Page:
Turkish and U.S. forces began joint patrols on Thursday in the Manbij region of northern Syria, which has been a source of friction between Ankara and Washington in recent years.
Turkey’s Defence Minister Hulusi Akar confirmed the start of the patrols in Manbij, about 30 km (19 miles) from the Turkish border.
The two NATO allies had been at odds over the area after Kurdish forces took part of it in a U.S.-backed offensive that drove Islamic State out of Manbij city in 2016.
Turkish and U.S. forces have been carrying out coordinated but independent patrols near Manbij since June.
A Reuters witness saw a convoy of six military vehicles, some flying the U.S. flag and others flying the Turkish flag, underway on Thursday about 20 km from Manbij city.
Turkey, which views the dominant Syrian Kurdish groups as a threat to its national security, had threatened military action against Manbij earlier this year. Then in June it agreed a roadmap with the United States under which the two countries would jointly maintain security and stability there.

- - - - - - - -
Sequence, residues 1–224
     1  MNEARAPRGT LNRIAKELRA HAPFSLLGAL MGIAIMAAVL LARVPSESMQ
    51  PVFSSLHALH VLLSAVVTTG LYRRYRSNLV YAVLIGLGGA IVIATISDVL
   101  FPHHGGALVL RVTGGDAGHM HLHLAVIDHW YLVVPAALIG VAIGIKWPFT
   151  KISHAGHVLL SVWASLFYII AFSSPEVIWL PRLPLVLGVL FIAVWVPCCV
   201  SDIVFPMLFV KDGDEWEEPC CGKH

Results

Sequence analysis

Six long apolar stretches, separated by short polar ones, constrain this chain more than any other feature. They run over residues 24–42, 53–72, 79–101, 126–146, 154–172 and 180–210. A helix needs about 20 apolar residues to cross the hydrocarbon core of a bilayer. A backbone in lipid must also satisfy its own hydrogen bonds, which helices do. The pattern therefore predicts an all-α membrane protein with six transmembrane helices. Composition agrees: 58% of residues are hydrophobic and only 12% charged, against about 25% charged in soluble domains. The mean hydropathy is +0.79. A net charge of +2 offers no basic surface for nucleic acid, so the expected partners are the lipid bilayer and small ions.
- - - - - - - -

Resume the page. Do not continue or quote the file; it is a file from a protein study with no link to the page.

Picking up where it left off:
Shortly afterwards, the Kurdish YPG militia announced the withdrawal of its military advisers from the city.
The patrols are taking place along the dividing line between territory controlled by the Manbij Military Council, which is allied to the YPG-dominated and U.S.-backed Syrian Democratic Forces, and a Turkish-controlled area in northern Syria.
The Turkish defense ministry said the joint patrols began at 15:53 local time on Thursday. “Patrols will continue until targets laid out on the Manbij roadmap have been reached,” the statement said.